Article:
THE use of the Terrorism Act to detain travellers has sparked concern after the partner of a US journalist was held by UK police at Heathrow but the Sentinel first highlighted the practice over four years ago.
The treatment of David Miranda, the partner of Glenn Greenwald, who published documents leaked by US whistleblower Edward Snowden, has caused a media storm. But back in August 2009, the Sentinel reported how travellers from Londonderry were being stopped and searched frequently at UK airports and ports.
The Home Office told the Sentinel at the time that this was due to an increased threat from dissident republicans.
Holiday-makers were being routinely stopped under Schedule 7 of the Terrorism Act 2000 in order to determine whether “they are someone who is or has been concerned in the commission, preparation or instigation of acts of terrorism,” the Home Office said. Asked why passengers travelling from Gatwick to Belfast were being targeted under stop and search powers on Wednesday, August 5, 2009, a plain clothes police officer pinpointed the heightened threat from anti-agreement republicans as the driver.
But when contacted by the Sentinel the Home Office said police were using these stop and search powers at various ports across the UK and were not just targeting routes between London and Belfast.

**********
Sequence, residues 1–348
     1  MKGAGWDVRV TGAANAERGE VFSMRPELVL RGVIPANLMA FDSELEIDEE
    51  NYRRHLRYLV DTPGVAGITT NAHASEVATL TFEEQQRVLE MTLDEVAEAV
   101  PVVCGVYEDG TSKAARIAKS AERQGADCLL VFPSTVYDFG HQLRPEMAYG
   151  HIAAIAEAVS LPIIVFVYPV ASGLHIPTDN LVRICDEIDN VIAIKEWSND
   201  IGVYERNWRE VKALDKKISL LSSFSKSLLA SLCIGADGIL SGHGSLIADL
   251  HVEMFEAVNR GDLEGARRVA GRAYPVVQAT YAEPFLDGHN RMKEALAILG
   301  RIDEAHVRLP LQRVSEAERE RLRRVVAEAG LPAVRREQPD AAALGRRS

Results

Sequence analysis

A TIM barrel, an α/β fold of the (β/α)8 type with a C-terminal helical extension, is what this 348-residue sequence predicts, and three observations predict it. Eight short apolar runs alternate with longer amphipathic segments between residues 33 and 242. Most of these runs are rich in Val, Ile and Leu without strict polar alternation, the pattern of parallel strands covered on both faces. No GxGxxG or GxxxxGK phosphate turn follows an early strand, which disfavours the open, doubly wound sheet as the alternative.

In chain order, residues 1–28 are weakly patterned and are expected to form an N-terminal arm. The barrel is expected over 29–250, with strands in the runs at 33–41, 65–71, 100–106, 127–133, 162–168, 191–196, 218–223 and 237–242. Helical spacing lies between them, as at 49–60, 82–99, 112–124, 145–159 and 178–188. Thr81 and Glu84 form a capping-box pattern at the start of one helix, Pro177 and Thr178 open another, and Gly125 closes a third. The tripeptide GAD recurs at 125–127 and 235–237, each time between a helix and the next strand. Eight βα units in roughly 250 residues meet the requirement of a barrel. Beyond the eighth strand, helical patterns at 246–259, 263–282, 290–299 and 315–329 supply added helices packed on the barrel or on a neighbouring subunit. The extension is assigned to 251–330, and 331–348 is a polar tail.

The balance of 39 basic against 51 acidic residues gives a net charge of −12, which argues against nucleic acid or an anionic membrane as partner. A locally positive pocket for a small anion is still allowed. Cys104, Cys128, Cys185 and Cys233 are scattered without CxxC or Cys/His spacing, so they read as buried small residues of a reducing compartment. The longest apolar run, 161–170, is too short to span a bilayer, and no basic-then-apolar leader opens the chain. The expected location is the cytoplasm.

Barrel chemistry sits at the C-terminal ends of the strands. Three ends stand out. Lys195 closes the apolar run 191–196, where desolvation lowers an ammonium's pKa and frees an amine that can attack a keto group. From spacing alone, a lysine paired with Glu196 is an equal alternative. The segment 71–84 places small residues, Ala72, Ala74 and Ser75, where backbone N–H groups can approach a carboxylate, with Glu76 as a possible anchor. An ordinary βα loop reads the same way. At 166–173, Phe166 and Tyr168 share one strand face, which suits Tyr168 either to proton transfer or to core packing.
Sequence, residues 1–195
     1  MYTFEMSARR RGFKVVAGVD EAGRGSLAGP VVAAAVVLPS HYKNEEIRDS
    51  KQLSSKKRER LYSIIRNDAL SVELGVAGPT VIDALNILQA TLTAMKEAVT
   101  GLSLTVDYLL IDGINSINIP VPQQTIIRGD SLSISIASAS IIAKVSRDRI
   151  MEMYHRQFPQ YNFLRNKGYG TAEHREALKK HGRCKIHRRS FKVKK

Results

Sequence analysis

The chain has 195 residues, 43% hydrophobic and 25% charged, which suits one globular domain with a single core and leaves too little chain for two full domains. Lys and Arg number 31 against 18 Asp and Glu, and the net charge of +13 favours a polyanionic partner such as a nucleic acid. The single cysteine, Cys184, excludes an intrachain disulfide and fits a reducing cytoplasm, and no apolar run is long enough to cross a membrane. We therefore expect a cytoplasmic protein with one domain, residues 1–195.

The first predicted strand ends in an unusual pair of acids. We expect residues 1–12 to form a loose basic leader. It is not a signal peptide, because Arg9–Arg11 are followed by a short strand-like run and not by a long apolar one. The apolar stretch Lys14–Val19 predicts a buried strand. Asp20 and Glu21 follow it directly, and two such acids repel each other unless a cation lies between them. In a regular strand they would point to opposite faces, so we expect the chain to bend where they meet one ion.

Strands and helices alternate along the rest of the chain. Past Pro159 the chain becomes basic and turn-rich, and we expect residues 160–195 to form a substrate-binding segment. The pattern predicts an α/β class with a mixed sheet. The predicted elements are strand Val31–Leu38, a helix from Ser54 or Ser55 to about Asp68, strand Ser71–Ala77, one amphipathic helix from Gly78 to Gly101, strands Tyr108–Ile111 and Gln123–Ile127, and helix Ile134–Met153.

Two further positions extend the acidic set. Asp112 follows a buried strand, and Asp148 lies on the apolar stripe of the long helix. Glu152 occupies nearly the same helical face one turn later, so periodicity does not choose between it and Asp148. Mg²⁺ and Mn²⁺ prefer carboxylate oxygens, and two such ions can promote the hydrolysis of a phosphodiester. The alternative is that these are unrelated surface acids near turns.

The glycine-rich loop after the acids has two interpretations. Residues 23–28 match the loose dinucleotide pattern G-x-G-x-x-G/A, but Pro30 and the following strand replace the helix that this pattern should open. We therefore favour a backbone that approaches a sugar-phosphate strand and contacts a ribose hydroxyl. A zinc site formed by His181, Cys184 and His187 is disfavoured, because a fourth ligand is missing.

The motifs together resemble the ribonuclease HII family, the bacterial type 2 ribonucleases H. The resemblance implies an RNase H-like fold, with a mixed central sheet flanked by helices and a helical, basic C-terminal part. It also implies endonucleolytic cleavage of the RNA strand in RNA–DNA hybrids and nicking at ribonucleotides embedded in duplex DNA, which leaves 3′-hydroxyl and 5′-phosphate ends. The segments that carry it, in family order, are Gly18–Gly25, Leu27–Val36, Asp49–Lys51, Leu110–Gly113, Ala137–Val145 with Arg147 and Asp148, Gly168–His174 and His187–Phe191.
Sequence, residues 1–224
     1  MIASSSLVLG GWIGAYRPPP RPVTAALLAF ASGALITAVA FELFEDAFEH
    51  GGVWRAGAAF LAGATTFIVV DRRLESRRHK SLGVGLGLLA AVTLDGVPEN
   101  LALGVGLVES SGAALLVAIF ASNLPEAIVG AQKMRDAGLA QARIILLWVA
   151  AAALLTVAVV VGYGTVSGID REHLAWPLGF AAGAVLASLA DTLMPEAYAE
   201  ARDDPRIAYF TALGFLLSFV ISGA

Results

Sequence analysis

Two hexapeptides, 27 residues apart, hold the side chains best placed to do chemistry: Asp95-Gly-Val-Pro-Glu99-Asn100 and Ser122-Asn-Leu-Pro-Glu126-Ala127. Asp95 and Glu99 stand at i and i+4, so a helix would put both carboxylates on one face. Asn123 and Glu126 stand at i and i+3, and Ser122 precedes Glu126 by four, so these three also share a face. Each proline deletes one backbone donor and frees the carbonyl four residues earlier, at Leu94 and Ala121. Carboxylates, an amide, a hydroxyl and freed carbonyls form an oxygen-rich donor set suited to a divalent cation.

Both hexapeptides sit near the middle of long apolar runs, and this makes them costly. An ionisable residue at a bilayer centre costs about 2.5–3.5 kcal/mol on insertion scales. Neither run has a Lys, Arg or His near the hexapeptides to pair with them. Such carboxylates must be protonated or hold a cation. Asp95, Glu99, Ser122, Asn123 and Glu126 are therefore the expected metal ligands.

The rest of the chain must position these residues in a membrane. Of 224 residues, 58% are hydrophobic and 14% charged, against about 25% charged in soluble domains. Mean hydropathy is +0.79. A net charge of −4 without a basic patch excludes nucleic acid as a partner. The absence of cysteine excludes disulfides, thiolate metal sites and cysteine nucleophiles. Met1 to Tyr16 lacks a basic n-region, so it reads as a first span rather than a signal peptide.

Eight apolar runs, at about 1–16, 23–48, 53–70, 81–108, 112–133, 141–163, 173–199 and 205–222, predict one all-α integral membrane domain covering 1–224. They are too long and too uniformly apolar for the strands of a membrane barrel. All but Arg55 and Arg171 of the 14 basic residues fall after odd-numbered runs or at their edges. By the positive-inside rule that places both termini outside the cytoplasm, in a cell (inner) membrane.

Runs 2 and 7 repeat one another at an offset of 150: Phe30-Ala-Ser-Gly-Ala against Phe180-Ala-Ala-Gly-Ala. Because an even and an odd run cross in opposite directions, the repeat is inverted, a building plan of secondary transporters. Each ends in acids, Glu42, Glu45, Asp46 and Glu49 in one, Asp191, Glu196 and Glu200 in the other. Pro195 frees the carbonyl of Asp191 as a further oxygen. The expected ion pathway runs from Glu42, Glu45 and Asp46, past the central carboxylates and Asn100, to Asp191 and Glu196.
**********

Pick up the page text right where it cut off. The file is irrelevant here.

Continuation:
A Home Office spokesperson told the Sentinel: “Protecting the public from terrorism is the Government’s top priority. We keep all counter-terrorism legislation under review, to ensure that it continues to meet the threat from terrorism that we face. Stop and search is an important tool in the on-going fight against terrorism. As part of a structured anti-terrorist strategy, the powers help to deter terrorist activity by creating a hostile environment for would-be terrorists to operate.”
Officers using the counter-terrorism powers at Gatwick explained to those subject to search the nature of Schedule 7 and that the stop was part of counter-terrorist policing. Those stopped by police under the powers were asked to produce a passport and give reasons for their presence in London and to explain why they were travelling to Belfast. They were also asked to define themselves ethnically for the purposes of the Home Office.